Believe it or not, the law applies even before you decide to “take social media seriously.” This should not come as a surprise because TLDR; it’s a lot, but we’ve got a lawyer to break down some of the more relevant laws for content creators.
Intellectual Property Law
Intellectual property is the foundation of your creator business. Intellectual property is an area of law that governs what your rights are in the content you create. From that clever podcast name to a viral video, intellectual property law outlines your rights in those creative assets and how to protect them. By having a basic understanding of intellectual property, you will not only be able to understand how to protect your work on social media, but how you can leverage that as a business. You can learn more about that from this article.
When it comes to copyright law, there seems to be a canon event that every creator experiences in their career–a brand stealing their content without their permission. Most creators can resolve this issue via a DMCA takedown or sending a cease and desist letter demanding payment.
Ever wonder why creators include #ad or have random text overlays in their stories? The Federal Trade Commission Act (FTC) created a set of regulations specifically designed for advertisers and influencers to follow when creating content online, known as “Endorsement Guides.” These regulations outline the steps influencers and advertisers need to take to help their audience distinguish that what they see isn’t a run-of-the-mill organic post.
This body of law boils down to one simple question: is there a material connection? In other words, is the creator talking about gifted products or Amazon storefront recs, or attending a brand trip? (Creators who attend brand trips are required to include disclosures but rarely do).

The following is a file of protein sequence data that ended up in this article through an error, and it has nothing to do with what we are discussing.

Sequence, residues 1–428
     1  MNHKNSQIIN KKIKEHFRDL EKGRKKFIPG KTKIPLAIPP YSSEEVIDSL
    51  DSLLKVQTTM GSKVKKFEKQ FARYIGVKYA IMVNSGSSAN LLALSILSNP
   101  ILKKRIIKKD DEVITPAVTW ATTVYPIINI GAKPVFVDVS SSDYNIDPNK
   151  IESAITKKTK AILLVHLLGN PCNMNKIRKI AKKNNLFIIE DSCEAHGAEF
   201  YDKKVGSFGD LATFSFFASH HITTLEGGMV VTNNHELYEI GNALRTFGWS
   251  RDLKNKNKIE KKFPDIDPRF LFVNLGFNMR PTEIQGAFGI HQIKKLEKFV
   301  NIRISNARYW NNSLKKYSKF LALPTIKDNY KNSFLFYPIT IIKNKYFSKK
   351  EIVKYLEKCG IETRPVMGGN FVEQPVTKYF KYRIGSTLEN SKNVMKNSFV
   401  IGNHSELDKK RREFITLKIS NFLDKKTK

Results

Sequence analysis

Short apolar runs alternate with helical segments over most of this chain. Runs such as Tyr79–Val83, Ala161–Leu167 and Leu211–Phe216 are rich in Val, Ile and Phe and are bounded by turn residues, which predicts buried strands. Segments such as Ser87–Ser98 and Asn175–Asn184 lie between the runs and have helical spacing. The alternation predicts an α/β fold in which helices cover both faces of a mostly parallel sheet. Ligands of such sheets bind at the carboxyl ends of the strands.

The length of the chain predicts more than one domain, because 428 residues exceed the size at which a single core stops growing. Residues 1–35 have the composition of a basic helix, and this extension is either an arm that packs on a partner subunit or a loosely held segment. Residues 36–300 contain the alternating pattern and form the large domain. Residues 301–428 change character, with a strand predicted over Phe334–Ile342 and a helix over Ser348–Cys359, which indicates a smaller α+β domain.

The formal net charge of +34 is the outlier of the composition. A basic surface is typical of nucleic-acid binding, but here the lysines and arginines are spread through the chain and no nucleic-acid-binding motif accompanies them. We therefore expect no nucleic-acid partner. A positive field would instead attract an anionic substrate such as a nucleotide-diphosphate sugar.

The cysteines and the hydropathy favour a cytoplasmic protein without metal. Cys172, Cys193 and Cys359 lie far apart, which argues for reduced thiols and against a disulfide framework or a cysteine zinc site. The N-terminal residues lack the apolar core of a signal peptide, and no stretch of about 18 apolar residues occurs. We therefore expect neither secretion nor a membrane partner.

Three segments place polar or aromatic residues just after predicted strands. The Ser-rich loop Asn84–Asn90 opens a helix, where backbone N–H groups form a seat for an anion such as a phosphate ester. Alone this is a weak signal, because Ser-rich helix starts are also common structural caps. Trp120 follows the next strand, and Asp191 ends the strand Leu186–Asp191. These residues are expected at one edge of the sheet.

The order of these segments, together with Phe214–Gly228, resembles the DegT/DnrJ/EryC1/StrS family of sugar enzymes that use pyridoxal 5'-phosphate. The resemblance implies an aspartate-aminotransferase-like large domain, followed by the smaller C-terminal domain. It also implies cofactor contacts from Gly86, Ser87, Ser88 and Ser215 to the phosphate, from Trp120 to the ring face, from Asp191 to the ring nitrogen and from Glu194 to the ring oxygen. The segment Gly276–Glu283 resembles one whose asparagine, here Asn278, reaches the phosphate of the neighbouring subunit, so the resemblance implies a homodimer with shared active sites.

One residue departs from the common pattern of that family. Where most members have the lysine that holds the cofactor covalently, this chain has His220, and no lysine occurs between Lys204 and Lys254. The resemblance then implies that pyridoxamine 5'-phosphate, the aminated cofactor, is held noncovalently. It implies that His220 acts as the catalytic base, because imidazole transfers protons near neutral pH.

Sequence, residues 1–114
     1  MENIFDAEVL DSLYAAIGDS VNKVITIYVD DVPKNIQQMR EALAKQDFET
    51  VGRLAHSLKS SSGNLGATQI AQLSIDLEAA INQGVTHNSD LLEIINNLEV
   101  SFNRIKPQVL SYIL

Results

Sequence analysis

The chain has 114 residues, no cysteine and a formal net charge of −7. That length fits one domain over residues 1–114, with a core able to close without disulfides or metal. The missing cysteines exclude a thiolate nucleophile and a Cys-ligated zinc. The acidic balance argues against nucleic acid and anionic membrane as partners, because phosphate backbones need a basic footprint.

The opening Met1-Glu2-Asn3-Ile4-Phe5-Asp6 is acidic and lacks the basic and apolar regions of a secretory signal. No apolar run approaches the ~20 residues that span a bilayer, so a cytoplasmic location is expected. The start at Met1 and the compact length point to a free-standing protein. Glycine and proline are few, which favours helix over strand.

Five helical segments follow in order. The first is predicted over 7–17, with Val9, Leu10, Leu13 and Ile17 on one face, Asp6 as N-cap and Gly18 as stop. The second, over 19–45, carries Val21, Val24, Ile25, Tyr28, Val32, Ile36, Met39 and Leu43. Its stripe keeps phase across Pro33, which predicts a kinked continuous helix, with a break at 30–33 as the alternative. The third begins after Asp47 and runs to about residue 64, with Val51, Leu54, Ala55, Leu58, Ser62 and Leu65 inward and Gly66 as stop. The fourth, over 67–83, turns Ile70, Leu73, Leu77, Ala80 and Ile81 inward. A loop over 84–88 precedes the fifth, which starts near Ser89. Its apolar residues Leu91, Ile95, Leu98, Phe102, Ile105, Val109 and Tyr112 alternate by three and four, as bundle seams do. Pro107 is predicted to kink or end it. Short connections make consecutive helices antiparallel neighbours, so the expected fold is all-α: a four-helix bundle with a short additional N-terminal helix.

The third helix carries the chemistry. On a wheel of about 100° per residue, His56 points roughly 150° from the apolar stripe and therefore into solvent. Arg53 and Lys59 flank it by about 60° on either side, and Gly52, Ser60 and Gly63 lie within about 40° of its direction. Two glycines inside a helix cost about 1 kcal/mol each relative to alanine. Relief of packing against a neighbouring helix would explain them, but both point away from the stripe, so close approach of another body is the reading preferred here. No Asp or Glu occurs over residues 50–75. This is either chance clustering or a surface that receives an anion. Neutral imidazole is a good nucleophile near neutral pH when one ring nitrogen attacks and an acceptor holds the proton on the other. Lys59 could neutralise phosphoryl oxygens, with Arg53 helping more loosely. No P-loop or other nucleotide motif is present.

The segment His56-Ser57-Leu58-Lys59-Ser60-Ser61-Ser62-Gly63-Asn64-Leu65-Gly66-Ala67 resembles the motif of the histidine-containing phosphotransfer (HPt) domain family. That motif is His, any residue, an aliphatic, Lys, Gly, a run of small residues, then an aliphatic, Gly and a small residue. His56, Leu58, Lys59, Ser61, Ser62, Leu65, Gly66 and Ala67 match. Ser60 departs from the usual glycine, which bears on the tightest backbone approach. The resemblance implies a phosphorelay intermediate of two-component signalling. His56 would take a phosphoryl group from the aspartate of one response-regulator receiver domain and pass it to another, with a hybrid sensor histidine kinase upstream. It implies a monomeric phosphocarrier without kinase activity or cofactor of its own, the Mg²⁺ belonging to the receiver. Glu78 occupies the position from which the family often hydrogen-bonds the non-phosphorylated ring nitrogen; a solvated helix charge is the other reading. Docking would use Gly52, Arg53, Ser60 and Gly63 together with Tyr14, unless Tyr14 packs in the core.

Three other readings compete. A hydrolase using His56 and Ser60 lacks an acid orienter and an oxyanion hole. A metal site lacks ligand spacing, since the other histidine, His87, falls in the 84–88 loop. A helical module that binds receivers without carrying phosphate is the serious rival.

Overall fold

If yes, then the FTC’s requirements apply. You’d be surprised to find out that a “material connection” is present even when you’re not working with a brand. So apart from your brand deal content, creators need to follow these requirements in other scenarios. We dive into more detail about the regulation requirements here and the recent updates here.
For most creators, contracts are considered common law contracts because they are for services. That means most of your issues and the likelihood of your success will be defined by how courts in the state governing your contract will interpret your issue. Court cases are also a huge source of inspiration for certain deal terms. If you’ve ever seen an indemnification term or representations and warranties term, you will know what sort of court cases keep attorneys up at night.
Contract law not only governs your brand deals, but also your contracts with service providers, team members, and your website’s terms of service. Each of these documents outlines your relationship, your respective responsibilities, and (hopefully) your rights and remedies if there is a problem. Without a contract, you are left arguing with the other side about what was agreed upon—and no one wants to waste their time and energy on that.
Business Law, not to be confused with contracts law
Once creators begin to take social media seriously, a logical next step is setting up a company for their services. Business law generally defines the different company types future business owners can set up and the legal requirements necessary to keep their business in good standing.